I entered the nomadic phase of my life in the late 1980s, not settling down until 1992, when I began to see the brothers together and separately again, but those meetings were sporadic. It wasn’t until the Texas Gal and I moved to St. Cloud that I began to organize get-togethers twice a year, with table-top hockey and baseball being the ostensible reasons.

And reconnecting with Rick and Rob, and with Schultz, whom I knew during our high school years, is one of the best things I’ve done in my life. I’d hope it’s been that good for them, too.

So what tune is going to match that? Well, nothing precisely, but one that comes close is “My Old Friends” by English singer/songwriter Duncan Browne. It’s from his self-titled 1973 album.

Inner light, inner light, shine brightly on my old friends.
May they go on, never fall, never think that I don’t wish them well.

Saturday Single No. 539

May 6th, 2017

One of my favorite things about our membership at the local Unitarian Universalist Fellowship is that on the first Sunday of each month during the church year, we gather after our service for a lunch of soup and bread. And I’m even more pleased when one of those Soup Sundays comes along and I have a chance to provide a soup.

Around these parts, the soup-making generally falls to the Texas Gal. It’s one of her favorite things to cook. She’s good at it, and when she makes soup, she makes a lot of it, so we end up with extra to freeze for those days when we don’t want to think too hard about dinner. And maybe twice during our church year, she’ll make a soup to take to church for one of our Soup Sundays. The hosting is generally sorted out by having each of our fellowship’s committees take a month, and the Texas Gal is on a couple of committees.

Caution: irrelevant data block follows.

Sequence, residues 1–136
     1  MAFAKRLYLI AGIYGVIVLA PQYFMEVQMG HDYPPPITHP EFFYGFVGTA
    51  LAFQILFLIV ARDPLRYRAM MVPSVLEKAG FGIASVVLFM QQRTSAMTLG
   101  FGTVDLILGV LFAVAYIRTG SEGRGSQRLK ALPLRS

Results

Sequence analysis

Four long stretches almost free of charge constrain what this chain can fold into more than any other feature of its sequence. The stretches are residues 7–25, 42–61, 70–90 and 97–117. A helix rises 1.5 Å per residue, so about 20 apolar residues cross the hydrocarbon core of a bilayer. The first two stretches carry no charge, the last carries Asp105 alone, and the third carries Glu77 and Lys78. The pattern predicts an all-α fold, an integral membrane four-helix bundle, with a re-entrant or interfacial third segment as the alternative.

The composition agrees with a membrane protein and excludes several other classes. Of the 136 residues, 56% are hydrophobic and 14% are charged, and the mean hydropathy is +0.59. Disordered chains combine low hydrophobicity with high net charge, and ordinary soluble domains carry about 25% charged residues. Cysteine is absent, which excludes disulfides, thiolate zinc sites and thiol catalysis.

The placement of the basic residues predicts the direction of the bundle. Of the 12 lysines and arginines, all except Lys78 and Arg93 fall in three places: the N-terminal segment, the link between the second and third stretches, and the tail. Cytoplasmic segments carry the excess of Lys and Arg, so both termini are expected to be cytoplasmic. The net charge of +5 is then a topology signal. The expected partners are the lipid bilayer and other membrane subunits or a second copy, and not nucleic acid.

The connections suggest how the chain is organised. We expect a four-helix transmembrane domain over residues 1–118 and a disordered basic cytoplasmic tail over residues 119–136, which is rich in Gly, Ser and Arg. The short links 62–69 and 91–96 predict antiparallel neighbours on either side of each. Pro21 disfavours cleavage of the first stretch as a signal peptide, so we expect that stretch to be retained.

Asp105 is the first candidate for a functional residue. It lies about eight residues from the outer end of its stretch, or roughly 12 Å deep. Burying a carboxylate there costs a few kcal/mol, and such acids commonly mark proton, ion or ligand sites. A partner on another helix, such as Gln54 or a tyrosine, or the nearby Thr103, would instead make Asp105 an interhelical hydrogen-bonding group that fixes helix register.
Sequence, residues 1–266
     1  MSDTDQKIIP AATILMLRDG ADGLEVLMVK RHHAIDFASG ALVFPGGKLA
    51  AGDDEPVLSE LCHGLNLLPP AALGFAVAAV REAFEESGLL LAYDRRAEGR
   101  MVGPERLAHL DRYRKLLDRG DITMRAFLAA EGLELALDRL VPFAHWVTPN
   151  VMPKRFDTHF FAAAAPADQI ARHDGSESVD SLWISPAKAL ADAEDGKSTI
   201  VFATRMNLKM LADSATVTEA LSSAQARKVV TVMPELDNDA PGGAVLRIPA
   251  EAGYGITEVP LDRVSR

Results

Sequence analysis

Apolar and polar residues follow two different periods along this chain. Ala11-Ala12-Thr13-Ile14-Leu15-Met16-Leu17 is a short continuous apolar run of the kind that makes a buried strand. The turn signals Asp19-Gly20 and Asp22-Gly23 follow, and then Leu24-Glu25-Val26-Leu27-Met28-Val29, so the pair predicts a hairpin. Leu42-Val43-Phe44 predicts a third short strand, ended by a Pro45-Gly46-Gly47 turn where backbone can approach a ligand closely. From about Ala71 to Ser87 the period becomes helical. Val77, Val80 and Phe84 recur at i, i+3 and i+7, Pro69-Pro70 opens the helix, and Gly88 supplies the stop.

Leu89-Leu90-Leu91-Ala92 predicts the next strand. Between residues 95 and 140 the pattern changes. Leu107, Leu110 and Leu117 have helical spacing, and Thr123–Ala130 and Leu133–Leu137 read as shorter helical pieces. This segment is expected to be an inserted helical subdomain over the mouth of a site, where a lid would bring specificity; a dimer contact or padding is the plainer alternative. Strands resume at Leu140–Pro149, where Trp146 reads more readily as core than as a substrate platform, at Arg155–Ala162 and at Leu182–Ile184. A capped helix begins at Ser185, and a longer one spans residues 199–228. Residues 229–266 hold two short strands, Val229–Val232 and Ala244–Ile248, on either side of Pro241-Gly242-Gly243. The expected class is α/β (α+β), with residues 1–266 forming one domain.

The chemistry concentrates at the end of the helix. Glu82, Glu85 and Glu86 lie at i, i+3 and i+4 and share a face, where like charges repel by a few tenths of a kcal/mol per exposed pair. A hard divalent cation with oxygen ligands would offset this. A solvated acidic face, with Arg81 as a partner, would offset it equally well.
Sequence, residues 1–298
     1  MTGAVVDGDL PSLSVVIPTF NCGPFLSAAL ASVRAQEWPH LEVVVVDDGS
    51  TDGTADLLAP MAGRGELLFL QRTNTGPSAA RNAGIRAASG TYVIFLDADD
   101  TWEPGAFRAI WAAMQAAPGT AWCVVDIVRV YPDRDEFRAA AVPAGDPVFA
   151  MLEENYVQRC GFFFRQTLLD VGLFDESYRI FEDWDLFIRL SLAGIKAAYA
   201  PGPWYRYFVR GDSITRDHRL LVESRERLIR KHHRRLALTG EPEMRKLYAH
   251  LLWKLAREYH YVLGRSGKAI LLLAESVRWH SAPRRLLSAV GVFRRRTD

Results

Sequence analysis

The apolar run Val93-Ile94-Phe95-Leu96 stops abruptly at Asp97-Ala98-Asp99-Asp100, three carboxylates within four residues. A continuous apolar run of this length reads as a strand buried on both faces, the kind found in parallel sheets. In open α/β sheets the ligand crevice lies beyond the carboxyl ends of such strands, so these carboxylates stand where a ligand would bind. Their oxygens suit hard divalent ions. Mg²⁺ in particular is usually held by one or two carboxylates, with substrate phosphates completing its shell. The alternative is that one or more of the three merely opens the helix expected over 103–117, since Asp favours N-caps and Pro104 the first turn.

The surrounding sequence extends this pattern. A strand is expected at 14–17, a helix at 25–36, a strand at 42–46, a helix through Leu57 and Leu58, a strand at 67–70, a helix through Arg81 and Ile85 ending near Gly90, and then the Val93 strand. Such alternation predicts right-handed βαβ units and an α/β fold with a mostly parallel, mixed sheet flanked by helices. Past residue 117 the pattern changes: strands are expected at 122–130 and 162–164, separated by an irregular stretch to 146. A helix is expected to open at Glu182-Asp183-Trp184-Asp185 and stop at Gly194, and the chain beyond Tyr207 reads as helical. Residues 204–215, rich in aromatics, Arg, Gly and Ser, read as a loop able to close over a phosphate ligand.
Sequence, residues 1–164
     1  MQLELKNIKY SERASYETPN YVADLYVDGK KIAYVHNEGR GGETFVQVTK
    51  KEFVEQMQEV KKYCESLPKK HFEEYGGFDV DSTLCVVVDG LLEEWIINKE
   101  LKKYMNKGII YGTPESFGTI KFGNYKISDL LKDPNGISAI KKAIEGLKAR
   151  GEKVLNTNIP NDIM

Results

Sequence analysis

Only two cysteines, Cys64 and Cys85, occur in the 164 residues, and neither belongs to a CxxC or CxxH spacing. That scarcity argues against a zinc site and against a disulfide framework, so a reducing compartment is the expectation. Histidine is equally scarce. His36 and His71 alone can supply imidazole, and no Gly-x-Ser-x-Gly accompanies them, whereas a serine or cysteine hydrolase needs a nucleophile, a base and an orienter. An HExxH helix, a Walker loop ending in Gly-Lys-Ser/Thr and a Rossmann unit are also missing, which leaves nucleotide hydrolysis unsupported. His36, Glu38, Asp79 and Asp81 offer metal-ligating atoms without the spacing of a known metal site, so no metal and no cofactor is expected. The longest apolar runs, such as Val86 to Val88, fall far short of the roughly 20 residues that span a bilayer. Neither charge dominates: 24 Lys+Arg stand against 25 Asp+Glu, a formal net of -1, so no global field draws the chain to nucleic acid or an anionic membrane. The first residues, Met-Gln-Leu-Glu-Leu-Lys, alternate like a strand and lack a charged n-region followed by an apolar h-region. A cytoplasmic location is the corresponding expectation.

But for tomorrow’s Soup Sunday, I’m cooking. The Building & Grounds Committee was assigned to host tomorrow’s lunch, but that committee is a little short-staffed, so I volunteered to bring a soup and then help with clean-up afterward.

And when I volunteered, I knew exactly what I was going to make: Polska bean stew. It’s from a recipe I found while wandering around the Interwebs a few years ago, one that originated on the website of the company that owns the Hillshire Farms brand of sausage.Polska Bean Stew The Texas Gal thought it sounded good, so we gave it a try. We liked it, although there are a few things we would have changed. We made it again with those changes, and then – a couple of years ago – we brought it to church for a Soup Sunday. At the end of the lunch, our seven-quart crockpot was scraped nearly clean. (That’s not a new experience for us; nearly every soup we’ve brought to a Soup Sunday has been a hit, from the Texas Gal’s vegetable beef or chicken noodle soups to my Swedish yellow pea soup.)

So later today, I’ll shine up the stockpot and get to work on a batch of Polska bean stew. I’ll be making a triple batch: two-thirds of it will go into the crockpot tomorrow to take to church, and the rest we’ll keep here. We’ll have some for dinner on Monday, most likely, and we’ll freeze some.